Exactly, benham. The success of ACE in dealing with Arabic (and of course that means also Persian, Urdu et al) is that it is built on Tom's thorough research into the Arabic scripts concerned. What you say about 'any technology' not having dealt with Arabic word shapes before ACE is true- but only if the hundreds of lead letter types with which early Arabic printers hand-set such scripts as thuluth is not considered a technology. Arabic is fortunate in coming late to printing, because the calligraphic tradition overlapped the advent of computer technology.

Latin scripts had to go through the few hundred years since Gutenberg when the handwriting of letters and documents developed separately from printing, which became set in the regimented way the technology dictated. Tom is well aware that the Arabic fonts developed in the last sixty years (including my own) in imitation of Latin aesthetics, are a departure from the true genius of connected Arabic writing. I have written elsewhere about the possible advantage Arabic has where each of its words has a unique outline, enhancing legibility.

ACE-like software can help revive the tradition of Latin calligraphy in the natural way it was written combining disciplined letter shapes with spontaneous variations according to the place of the letter in word or in the sentence and page.

blokland's picture

Due to traveling abroad, the Dutch minister of Education, Culture and Science apologized for not being able to attend the Dr. Peter Karow Award presentation to Thomas Milo at the Steigenberger Kurhaus Hotel in The Hague coming Wednesday, but he will be represented by his Director-General. This very much underlines the acknowledgement of Thomas' achievements for digital type and technology.
Some photo’s of the preparations for the conference session at the Royal Academy:


© Jorn Henkes

sofyaani's picture

I just want to say the first script that wrote its below "technology designed for Arabic" it's not Arabic actually , it's Iranian (Persian) Script that called Nastaliq!!!!!!!!!!!!
It's not Arabic at all!

Thomas Milo's picture

Dear Sofyaani,

If the Arab armies in the year 732 had won the Battle of Poitiers (http://en.wikipedia.org/wiki/Battle_of_Tours) the example could have been in a native Dutch Islamic style - but technically the script would still be valid as a sample of Arabic :-)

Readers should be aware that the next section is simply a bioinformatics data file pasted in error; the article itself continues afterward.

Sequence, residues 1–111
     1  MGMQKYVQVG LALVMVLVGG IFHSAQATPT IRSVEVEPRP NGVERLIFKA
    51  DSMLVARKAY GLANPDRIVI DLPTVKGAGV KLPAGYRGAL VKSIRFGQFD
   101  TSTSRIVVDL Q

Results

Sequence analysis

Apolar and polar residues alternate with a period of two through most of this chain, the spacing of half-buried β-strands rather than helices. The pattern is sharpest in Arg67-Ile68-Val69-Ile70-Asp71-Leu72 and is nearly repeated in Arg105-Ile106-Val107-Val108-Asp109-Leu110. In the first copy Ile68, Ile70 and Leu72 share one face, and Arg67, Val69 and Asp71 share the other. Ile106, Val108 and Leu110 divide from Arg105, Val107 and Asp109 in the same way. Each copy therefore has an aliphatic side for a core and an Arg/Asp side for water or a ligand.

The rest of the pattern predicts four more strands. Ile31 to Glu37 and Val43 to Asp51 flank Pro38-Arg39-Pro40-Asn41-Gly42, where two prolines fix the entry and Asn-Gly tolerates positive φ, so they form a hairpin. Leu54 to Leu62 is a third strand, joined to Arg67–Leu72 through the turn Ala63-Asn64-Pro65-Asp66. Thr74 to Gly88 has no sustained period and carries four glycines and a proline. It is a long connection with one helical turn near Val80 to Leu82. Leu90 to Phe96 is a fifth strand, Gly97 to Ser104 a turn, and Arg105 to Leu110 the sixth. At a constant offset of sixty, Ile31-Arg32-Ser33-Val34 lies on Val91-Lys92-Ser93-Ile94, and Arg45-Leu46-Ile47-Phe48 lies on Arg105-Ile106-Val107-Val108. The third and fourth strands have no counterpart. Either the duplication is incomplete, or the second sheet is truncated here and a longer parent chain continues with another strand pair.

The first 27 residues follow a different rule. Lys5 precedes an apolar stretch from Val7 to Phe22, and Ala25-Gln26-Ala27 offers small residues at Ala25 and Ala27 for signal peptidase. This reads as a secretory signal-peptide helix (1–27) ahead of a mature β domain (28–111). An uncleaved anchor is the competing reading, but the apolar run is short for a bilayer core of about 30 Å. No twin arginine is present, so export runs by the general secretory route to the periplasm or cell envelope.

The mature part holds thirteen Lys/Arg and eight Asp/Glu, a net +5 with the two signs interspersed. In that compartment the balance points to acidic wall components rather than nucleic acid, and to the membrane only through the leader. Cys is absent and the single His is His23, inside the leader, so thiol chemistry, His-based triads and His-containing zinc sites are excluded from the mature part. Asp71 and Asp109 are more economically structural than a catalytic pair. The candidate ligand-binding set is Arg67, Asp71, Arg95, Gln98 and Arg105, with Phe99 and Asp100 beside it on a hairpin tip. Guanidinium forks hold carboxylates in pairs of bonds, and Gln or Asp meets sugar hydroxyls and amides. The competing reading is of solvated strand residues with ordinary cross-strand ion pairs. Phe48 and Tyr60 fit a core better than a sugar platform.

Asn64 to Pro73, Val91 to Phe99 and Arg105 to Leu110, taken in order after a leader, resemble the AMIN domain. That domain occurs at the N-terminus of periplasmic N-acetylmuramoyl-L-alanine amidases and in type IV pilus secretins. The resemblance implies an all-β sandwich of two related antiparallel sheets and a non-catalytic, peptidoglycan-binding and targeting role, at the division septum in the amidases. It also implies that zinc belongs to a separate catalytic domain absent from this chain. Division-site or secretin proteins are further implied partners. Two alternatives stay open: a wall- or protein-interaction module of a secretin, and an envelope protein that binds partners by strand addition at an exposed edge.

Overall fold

Thomas Milo

PS - Because the Arab armies did win other battles, the sample text happens to be Persian. It means "in personal experience". It is in the nastaliq style (which is widely used in the Arab world in a form simplified by Ottoman calligraphers-designers and called ruqah script), because that style is a typical example of Arabic script that defies all outside, industrial attempts at simplification. The second line has the same text, ergo, it is also in Persian, but in a typeface that represents the tendency to strip Arabic of any characteristic feature that requires other technology than what is available for Latin.

sofyaani's picture

how a ridiculous reason

sofyaani's picture


behnam's picture

Tom Milo developed an Arabic Naskh before this Persian Nasta'liq. Both of them belong to Arabic script. I don't see your point sofyaani. Do you have any or just spamming around?

blokland's picture

On Wednesday the 18th of November 2009 at the end of the very successful Type[&]Design 2009 Conference session at the Steigenberger Kurhaus Hotel in The Hague, the second Dr. Peter Karow Award for Font Technology & Digital Typography was presented to Thomas Milo by Dr. Peter Karow himself. The ceremony followed on an inspiring talk by Thomas on the history of his company DecoType and the development of the ACE technology.